My mother forgets where she's living and wants to go home. She asks if she needs to go to school or work. Is her dementia becoming Alzheimers?

I suppose people look at it in different ways. As I started to read about dementia, I think of it in this way: If a person has Alzhiemers, as it progresses, it will cause dementia. If a person has Parkinson's Disease, it can cause them to develop dementia. And so on. In the early stages of a condition like Alzheimers the patient has the disease, but, it may be years before they develop dementia, meaning they are so affected that their memory and abilities to function is significantly reduced.

A discussion with her doctor might help answer some questions. They might also check her out to see if she has something else like a UTI. Sometimes, that causes people to act unusual or have hallucinations. Any change in mental status should be reported to her doctor.
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Reply to Sunnygirl1

The best way to look at theis disease is this: Picture dementia as an umbrella and there are many many strings hanging from the umbrella. These strings represent different types of dementias, Alzheimer's being the biggest group and there are many other types of dementias Frontal Temporal Dementia , vascular dementia and the list goes on a long way. Scientist have determined there are well over 80 different types of dementias but as I said Alzheimer's is the most prevalent type and the best known. Long term memories often take over as the disease invades the brain and impacts our short term memory which in part may be why she is asking about school and work. Those memories long ago create deep paths in our brain and they stick around even as other parts are harder to access and disappear. This is a terrible situation to watch and see your loved one slip away so I send you positive thoughts in your journey of caring. Acknowledge your Mother's feelings assure her she doesn't need to leave to go anywhere and all is fine. Trying to ask her to remember creates anxiety as she cant remember as the disease progresses some memories are just gone. Redirect her to talk about school what does she remember who were her friends what was her favorite part are good questions to keep her engaged redirect and decrease anxiety. I wish you the best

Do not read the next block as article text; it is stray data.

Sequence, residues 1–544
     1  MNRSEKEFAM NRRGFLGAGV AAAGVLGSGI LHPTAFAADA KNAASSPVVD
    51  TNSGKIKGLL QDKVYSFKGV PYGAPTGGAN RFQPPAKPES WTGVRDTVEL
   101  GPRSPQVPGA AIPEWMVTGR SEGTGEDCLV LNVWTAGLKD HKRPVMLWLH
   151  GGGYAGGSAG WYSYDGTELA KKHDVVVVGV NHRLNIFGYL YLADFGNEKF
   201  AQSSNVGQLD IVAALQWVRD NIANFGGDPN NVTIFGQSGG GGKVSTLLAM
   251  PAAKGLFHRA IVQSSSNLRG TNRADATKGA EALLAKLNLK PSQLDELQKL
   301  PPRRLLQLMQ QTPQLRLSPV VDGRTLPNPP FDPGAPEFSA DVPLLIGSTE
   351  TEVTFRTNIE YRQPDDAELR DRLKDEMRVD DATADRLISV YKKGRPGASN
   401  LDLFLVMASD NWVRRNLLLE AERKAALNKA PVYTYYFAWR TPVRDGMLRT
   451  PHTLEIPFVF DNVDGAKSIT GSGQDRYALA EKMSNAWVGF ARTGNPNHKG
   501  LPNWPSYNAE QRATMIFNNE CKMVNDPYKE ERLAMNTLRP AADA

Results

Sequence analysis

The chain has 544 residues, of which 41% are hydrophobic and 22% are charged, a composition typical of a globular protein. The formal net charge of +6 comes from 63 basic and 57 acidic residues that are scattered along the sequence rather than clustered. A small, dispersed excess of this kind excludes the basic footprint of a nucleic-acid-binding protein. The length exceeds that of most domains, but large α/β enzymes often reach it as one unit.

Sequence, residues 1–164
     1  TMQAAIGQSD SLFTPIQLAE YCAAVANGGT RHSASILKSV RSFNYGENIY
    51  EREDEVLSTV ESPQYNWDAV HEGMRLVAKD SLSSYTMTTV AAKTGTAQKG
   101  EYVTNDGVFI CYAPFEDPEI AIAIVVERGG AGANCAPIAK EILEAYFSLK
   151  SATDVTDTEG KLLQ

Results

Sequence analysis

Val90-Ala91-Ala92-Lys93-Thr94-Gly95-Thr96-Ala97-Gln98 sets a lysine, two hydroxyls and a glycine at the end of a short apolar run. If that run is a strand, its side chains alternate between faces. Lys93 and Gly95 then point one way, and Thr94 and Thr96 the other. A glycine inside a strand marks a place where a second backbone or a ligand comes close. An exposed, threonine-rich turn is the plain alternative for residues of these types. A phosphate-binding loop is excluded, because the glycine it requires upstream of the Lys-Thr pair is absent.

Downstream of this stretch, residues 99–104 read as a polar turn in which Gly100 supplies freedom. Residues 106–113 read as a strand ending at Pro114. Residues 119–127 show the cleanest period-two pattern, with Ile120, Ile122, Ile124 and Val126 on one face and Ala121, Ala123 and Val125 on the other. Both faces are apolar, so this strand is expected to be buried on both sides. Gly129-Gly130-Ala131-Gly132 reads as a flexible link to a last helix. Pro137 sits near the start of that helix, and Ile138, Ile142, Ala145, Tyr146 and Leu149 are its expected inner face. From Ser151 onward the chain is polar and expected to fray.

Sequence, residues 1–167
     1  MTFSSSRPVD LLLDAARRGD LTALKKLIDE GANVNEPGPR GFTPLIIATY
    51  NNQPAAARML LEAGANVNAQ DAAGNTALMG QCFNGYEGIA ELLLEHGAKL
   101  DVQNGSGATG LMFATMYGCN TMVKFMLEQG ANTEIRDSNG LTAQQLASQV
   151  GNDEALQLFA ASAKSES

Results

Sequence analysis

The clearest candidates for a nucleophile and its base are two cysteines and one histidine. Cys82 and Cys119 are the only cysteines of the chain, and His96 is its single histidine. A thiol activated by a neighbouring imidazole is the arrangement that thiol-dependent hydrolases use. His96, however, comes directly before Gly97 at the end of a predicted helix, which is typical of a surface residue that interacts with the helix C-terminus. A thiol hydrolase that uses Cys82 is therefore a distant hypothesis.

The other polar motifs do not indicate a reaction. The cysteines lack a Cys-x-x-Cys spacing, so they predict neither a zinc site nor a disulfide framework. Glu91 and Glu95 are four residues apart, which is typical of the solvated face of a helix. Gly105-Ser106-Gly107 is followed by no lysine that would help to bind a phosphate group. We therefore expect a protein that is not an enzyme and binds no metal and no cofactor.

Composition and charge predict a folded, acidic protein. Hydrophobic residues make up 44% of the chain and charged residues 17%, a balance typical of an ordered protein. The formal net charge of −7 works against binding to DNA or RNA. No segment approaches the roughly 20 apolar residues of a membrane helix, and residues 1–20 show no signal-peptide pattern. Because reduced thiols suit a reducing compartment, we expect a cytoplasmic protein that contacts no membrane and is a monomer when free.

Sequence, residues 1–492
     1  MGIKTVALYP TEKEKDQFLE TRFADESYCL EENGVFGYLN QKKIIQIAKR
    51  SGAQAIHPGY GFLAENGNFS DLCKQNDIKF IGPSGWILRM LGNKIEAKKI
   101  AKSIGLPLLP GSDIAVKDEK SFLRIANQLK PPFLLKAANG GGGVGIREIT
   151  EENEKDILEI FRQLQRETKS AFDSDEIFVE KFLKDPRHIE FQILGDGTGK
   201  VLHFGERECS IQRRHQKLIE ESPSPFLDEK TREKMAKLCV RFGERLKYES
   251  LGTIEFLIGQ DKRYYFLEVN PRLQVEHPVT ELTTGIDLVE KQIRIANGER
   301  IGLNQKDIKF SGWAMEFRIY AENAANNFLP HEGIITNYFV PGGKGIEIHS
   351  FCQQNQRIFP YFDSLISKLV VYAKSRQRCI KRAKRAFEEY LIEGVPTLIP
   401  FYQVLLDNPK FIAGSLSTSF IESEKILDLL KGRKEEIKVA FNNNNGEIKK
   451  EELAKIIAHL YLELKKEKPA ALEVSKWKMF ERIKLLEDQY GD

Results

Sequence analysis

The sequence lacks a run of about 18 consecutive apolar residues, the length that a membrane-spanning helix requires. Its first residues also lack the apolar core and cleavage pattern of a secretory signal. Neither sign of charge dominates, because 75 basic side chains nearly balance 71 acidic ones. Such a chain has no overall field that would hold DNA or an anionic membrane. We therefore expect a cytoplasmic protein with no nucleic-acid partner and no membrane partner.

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Reply to DrLucy

Witnessing the cognitive decline of a parent is always challenging. There's an article on this site with an overview of the different kinds of dementia, including Alzheimer's.
I've read questions from others that come here wondering if it's important to understand or receive an exact diagnosis. I'm sure it's helpful to have some idea of what you're dealing with. However, I think it's important to understand that in all cases it's a progressive disease. So, like Countrymouse said, as caregivers what might be more important is finding techniques, strategies, and comfort measures that help get you through the more difficult stages of any form of dementia.
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Reply to onlychild22


Just looking at your profile, I'm amazed to see you set out on caregiving ten years ago. What you have to say about your mother and your stepfather is extremely touching, and you have done so well to keep them together so long.

Is this change in your mother sudden and recent? - I ask because if so it's always worth checking for acute infections and getting a medical opinion.

Not being oriented to place can be a sign of Alzheimer's Disease but I believe it's common in most forms of dementia whatever their cause. Have you and your mother's care team been able to reassure and comfort her? There are various techniques for doing that, as well as for distracting her onto other activities to divert her attention.

Is it okay to ask how your stepfather is getting on?
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Reply to Countrymouse

Alzheimer’s is dementia. In fact, it is the most common form of the disease. There are several different types of dementia - some with specific symptoms and stages as well as overlapping and shared characteristics.

You might want to google for
more information regarding the differences.

Types of Dementia - most common but not limited to:

Vascular dementia.
Lewy body dementia.
Mixed dementia.
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Reply to Rainmom

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